Our IT Executive Roundtables are invite-only events hosted by peers for peers that bring together a select group of senior IT leaders from across industries for topic-driven, intimate dialog on current trends and topics. The group met remotely to discuss enterprise strategies for 5G led by the CIO of a leading independent tire and wheel retailer company. This Session was sponsored by Celona.
5G has what it takes to bring a paradigm shift in the cellular network space. What challenges can businesses solve by adopting 5G? How does it compare to Wi-Fi? What are the differences between public and private 5G?
At the start of the discussion, attendees talked about the business applications of 5G. A head of sales mentioned that 5G could solve wireless connectivity issues that Wi-Fi can’t. It can enable organizations to deal with the 21st-century pressures of efficiency, growth, and profitability. An IT executive said they plan to use 5G to build a high-speed, resilient network for their cloud-driven infrastructure. An engineer from a parking company added that 5G enablement could allow them to roll out their equipment, have smooth intercom traffic, and support credit card payments. A CIO told the audience they wanted to use 5G to build an alternate wireless network for their facilities. Finally, a head of lifecycle management remarked that they are exploring how to incorporate 5G into existing and newer technologies for a better customer experience.
A participant stated that they use an air-gapped version of the wireless network to give their mobile workers access to internal systems. Traditionally, the users had to use VPN to latch onto the network, which was a usability challenge. To overcome that, they have started using a modern authentication solution that has simplified the login process. Other challenges faced with traditional Wi-Fi are related to security, coverage, reliability, slow rollout, network latency, and network handoff. E.g., If you move around and your Wi-Fi connection changes, you sometimes have to reenter application data because the network handoff didn’t happen properly. Moreover, if you have hundreds of stores across the nation, installing access points on all of them is a tedious process. Enabling mission-critical applications at the edge can also be a challenge with Wi-Fi. The network latency incurred in the to-and-fro transfer of data can create bottlenecks and affect user experience. 5G has the potential to solve most-if-not-all of these challenges.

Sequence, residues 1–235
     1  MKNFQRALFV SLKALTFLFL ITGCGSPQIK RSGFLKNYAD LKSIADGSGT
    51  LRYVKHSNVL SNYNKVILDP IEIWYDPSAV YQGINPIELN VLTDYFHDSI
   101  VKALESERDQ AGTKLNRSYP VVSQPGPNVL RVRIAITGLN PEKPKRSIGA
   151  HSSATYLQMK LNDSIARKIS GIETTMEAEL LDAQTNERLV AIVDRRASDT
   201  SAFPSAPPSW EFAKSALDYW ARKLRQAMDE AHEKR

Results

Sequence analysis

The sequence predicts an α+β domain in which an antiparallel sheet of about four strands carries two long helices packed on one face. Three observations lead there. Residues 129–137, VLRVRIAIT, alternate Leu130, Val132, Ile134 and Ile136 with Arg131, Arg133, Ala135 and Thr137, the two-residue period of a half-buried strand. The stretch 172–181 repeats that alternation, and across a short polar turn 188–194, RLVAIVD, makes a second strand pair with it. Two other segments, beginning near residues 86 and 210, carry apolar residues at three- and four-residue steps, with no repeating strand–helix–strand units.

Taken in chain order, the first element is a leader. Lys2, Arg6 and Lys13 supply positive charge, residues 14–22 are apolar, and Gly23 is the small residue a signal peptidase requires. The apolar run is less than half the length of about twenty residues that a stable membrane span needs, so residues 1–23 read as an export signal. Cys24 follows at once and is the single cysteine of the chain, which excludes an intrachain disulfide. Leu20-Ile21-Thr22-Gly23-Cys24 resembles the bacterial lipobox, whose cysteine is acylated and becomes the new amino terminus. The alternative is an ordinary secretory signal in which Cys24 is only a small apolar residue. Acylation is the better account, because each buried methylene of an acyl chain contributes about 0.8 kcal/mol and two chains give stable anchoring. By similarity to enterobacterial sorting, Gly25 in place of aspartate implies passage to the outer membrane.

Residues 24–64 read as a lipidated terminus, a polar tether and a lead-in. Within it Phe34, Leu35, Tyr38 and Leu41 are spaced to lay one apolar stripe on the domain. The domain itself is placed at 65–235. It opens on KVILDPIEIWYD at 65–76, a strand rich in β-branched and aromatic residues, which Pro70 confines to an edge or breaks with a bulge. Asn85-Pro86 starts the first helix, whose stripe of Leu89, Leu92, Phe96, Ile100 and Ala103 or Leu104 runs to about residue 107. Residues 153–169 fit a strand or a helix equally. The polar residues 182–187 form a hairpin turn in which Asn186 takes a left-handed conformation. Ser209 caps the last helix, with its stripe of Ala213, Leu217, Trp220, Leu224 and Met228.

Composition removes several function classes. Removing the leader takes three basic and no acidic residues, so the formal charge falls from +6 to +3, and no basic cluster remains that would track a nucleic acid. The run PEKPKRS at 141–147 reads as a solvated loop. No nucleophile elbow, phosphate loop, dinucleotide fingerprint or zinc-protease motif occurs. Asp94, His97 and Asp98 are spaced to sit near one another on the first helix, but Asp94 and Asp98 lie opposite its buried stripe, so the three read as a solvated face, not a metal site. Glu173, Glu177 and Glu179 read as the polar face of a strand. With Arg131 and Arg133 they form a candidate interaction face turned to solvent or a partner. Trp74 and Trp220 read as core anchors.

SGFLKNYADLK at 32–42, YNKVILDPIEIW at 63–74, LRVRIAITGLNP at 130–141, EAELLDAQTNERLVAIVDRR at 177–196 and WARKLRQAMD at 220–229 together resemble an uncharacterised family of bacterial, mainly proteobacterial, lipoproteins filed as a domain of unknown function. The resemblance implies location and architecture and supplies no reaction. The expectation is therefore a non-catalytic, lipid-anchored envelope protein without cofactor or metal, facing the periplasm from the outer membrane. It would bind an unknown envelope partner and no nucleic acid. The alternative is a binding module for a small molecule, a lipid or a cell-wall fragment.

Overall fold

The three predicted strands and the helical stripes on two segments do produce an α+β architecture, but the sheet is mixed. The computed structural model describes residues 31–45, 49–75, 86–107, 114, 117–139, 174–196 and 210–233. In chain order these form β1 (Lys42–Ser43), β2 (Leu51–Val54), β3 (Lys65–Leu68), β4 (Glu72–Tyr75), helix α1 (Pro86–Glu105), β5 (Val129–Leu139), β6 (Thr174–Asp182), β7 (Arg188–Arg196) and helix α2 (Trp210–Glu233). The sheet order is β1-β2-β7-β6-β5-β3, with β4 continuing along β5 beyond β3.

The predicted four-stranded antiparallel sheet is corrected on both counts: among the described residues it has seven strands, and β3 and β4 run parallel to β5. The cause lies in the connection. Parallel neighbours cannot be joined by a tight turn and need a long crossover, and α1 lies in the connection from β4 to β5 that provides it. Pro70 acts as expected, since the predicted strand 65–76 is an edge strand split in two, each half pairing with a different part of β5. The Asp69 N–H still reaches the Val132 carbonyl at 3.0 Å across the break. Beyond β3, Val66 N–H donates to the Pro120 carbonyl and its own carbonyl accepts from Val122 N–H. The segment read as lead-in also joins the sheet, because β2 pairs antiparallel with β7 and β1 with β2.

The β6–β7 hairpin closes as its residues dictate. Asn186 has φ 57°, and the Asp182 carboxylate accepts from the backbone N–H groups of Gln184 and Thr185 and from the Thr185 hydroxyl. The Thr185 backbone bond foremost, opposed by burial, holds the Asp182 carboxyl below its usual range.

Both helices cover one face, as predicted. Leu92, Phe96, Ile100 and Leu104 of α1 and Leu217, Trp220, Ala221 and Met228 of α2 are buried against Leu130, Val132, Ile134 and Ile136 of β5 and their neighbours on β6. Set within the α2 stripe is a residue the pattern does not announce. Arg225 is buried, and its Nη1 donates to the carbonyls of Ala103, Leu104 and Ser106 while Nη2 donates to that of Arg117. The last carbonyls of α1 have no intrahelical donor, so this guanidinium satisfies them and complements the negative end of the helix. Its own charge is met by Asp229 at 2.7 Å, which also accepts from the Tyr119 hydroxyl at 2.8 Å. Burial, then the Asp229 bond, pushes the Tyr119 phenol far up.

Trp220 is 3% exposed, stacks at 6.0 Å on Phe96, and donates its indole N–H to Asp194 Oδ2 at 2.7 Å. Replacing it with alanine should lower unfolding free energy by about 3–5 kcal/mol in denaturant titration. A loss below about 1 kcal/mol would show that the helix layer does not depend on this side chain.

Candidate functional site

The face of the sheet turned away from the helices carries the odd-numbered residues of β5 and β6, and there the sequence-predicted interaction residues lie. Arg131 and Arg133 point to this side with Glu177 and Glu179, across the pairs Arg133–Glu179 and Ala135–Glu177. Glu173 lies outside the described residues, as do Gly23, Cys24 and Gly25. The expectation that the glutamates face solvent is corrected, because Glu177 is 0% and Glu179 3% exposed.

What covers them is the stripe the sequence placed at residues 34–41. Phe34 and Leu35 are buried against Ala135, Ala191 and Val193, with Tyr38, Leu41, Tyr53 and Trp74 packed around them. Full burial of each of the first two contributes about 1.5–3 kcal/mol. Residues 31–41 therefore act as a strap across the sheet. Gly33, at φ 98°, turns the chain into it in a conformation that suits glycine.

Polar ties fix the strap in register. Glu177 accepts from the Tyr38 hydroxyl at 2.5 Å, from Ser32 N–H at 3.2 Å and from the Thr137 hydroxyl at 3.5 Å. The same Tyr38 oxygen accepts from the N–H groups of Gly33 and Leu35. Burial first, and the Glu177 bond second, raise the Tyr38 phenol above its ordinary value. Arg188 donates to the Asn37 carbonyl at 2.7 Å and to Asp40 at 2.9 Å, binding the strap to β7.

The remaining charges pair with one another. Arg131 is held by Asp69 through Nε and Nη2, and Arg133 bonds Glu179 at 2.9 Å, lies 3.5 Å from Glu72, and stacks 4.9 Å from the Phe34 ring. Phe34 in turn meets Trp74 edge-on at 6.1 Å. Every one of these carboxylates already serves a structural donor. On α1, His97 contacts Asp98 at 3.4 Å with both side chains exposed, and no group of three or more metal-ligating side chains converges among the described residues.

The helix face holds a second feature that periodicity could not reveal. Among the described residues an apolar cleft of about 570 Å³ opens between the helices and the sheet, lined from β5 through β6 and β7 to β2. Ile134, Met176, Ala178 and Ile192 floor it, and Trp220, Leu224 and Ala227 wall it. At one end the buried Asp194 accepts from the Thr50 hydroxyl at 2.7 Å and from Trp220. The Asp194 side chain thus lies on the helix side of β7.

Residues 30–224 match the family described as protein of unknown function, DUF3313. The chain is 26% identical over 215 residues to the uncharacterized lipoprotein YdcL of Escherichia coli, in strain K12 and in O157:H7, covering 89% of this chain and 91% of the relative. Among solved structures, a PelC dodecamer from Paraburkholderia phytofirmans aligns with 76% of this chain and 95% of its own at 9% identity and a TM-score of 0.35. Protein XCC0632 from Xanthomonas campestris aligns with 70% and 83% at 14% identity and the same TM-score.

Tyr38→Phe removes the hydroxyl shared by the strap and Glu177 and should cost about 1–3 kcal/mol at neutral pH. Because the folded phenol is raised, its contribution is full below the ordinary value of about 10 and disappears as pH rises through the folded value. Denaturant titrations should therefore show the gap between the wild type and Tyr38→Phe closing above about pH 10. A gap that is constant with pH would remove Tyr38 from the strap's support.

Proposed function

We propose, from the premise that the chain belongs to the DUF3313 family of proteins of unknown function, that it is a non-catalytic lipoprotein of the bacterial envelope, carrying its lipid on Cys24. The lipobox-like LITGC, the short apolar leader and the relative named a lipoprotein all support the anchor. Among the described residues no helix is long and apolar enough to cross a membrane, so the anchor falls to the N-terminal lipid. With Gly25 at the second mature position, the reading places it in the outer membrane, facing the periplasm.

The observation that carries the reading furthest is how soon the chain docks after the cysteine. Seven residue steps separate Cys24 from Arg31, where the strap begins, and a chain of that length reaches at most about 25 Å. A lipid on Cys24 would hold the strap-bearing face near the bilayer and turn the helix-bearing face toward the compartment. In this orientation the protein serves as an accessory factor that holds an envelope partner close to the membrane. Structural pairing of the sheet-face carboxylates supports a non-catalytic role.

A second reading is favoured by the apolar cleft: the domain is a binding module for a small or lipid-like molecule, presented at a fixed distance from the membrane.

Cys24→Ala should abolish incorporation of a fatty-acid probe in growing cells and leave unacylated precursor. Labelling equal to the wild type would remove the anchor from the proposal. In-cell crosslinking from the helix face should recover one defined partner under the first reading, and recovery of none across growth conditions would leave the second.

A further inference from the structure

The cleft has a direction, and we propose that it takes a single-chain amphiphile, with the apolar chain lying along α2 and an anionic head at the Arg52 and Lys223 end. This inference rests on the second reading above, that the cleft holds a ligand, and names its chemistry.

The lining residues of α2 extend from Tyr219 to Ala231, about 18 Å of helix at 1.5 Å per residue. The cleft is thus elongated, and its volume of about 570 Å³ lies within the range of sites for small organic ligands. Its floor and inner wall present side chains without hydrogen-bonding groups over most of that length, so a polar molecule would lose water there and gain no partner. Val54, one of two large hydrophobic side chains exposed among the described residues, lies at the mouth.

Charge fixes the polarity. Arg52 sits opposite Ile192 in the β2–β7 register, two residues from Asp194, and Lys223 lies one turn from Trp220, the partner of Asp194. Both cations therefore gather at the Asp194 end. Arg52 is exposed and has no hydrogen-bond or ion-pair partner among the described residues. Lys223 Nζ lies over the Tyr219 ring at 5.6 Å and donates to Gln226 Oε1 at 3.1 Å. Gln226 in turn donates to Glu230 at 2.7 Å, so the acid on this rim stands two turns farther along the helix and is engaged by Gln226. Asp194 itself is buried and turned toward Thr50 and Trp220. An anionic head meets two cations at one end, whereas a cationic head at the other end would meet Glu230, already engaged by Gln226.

It’s important to understand the difference between public and private 5G. Depending on your unique business use case and operational requirements, one may be a better fit than the other. Public 5G is the wireless coverage offered by telecom providers. Private 5G refers to a wireless network that’s completely disconnected. You can set up private 5G for your enterprise by leveraging the same infrastructure and cellular technology that the telecom providers use. This is like taking Wi-Fi technology from a vendor and using it to deploy a private Wi-Fi network in your environment.
A speaker commented that the rules and regulations of reserving 5G spectrums for private networks vary by country and region. Most countries have either already opened the private network spectrum or are in the process of doing so. The US, UK, Germany, and most of Northern Europe have already opened the spectrum. Mexico, Canada, India, Australia, and Japan are planning to follow suit in the next year or so. This widespread adoption results from the collective realization, at the geopolitical and international level, that 5G is the future of wireless communication. The last time enterprises got access to spectrum was in the 1990s, which led us to the mobility revolution. This large-scale opening of the spectrum for 5G has a similar significance. The technological advancements in the 5G space will trigger the next great industrial revolution.